Jesus identifies the greatest commandment as this: to love the Lord our God with all of our heart, with all of our soul, with all of our strength, and with all of our mind: and the second greatest commandment as this: to love our neighbour as ourselves.
In his book Experiential Worship, Bob Rognlien looks at these ways in which we are to love God – with heart, soul, strength, and mind – in the light of how these terms are understood throughout the Bible.
The term ‘heart’ relates to the human attribute of being volitional creatures: is concerned with what we choose. For us who live in a Western culture, that is not how we tend to view the heart: we tend to view the heart as something that has no choice of its own, but is helpless against being swayed by the power of love. This is so often our excuse when relationships breakdown: “just as I couldn’t help falling in love with you once, I couldn’t help falling in love with someone else now...” But biblically, the heart is the seat of our choice-making – including choosing to be faithful, in all of our relationships.
The term ‘soul’ relates to the human attribute of being emotional creatures: is concerned with what we feel. So we see the Psalmist address himself, “why are you so downcast, O my soul?”
The term ‘strength’ relates to the human attribute of being physical creatures: is concerned with what we do.
The term ‘mind’ relates to the human attribute of being intellectual creatures: is concerned with what we think.
But if we are to express our love for God in each of these different ways, it follows that we must also love ourselves and our neighbours in these ways, too: for the first and second greatest commandments are intimately connected.
In the parable of the good Samaritan, Jesus defines ‘self’ as those of our own faith community or culture, and ‘neighbour’ as those who live more-or-less alongside us who have a different view of God.
In the parable, we see how the priest and Levite (worship leader) – who were of the same community as the man left for dead – and the Samaritan – who was from a different community; and, moreover, there was significant tension between their two communities – all make a choice. The priest and Levite choose not to intervene to help – choose not to love ‘self’ with the implication that they could not love ‘neighbour’ either – and the Samaritan chooses to help not only a neighbour but an enemy.
In the parable, we see how the priest and Levite respond to the emotion of pity by suppressing it; whereas the Samaritan allows himself to feel pity.
In the parable, we see that the priest and Levite take the physical action of moving away from the man, passing him on the other side of the road; whereas the Samaritan takes the physical actions of cleaning and dressing his wounds, lifting the man onto his own donkey, and caring for him.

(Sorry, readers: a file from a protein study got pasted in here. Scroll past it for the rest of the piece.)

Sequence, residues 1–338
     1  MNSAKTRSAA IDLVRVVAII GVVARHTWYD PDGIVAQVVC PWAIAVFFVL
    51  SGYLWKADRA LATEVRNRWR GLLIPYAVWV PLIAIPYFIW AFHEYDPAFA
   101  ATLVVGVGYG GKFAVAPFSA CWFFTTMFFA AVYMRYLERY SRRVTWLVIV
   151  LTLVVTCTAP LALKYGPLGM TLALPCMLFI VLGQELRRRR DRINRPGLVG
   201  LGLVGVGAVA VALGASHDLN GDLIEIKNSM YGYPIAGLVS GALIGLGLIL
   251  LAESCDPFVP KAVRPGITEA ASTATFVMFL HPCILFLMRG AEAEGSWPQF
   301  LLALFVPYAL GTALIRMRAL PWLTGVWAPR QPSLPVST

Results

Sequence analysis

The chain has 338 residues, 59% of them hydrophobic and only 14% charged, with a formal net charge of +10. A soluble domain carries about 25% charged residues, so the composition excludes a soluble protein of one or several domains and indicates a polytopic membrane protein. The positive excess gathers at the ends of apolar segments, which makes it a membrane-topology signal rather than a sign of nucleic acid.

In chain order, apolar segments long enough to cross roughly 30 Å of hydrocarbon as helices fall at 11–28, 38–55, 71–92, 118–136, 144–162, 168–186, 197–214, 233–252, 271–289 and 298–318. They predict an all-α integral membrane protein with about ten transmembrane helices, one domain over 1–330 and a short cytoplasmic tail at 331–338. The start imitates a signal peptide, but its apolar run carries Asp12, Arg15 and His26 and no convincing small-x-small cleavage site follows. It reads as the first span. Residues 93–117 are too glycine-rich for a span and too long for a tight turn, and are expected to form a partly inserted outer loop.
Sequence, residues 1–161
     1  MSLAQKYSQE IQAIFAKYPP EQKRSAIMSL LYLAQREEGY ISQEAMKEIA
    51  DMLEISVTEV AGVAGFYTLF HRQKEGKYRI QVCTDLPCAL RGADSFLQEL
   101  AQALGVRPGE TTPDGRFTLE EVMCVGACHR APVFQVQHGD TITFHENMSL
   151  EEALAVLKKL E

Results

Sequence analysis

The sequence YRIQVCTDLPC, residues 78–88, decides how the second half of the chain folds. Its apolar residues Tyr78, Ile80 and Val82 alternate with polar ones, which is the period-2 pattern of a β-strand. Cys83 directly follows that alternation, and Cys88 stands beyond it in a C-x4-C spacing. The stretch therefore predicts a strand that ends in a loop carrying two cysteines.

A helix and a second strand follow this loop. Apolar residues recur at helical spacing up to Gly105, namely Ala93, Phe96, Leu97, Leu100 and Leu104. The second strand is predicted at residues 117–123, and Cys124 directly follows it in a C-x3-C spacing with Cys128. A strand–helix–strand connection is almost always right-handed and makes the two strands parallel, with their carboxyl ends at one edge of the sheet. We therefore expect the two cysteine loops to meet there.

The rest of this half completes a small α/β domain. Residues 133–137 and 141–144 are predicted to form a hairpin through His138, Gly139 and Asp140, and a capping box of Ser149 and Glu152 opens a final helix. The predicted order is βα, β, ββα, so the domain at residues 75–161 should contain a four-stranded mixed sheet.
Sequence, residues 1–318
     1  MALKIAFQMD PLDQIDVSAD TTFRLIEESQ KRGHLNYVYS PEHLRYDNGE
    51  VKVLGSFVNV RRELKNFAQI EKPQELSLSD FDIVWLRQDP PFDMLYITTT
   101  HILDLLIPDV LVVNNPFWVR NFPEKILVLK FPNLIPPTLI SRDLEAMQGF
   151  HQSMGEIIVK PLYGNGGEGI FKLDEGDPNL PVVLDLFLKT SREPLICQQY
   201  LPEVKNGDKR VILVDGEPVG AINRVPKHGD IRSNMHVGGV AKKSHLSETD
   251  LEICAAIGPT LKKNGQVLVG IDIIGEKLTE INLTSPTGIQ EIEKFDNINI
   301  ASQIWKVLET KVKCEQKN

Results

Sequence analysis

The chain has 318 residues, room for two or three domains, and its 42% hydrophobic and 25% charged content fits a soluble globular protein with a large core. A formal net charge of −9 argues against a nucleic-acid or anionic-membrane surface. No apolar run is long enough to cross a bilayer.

In the parable, we see an absence of loving intellectual engagement from the priest and Levite; whereas the Samaritan comes up with a plan to ensure the man’s ongoing recovery.
So, how might we express love in our neighbourhoods through what we choose, through what we feel, through what we do, and through what we think?
What’s the dirtiest job, the one thing that no-one else is going to do, the thing that people choose to walk by on the other side from, to declare that it isn’t their responsibility? Where I live, I’d say it was the sheer amount of litter and dog-shit on the pavements...Am I willing to choose to love my neighbourhood with a bin-liner and plastic gloves? What about where you live?
When Jesus saw the crowds, milling about with no sense of purpose, he had compassion for them. When we see the crowds, milling about with no sense of purpose – the gang of children and youths vandalising the play-park across from the church, because they have no constructive vision of or hope for a future – society tells us to respond with indignation...Am I willing to express compassion towards those who project an image that says “stay away”?
What might we do, to express love to our neighbourhood? One of the things I do is take funerals. Measured by anything other than the command to love your neighbour as yourself, it is a total waste of my time: funerals are one of those situations where, if I do the job well, you won’t even be aware. But people need someone to take the funeral of their loved ones, and it is a way in which I can love. It is also a situation where I need to choose (heart) to love by what I do (strength); and where what I feel (soul) also has an impact: we are called to love in four different ways, but often they work hand-in-hand.
How might I use my intellect to express love? At different times, Jo and I have both gone into our children’s schools as parent helpers, to work with small groups of children who need additional coaching or to listen to individual children read. Such opportunities vary from school to school. What other opportunities exist in your own context?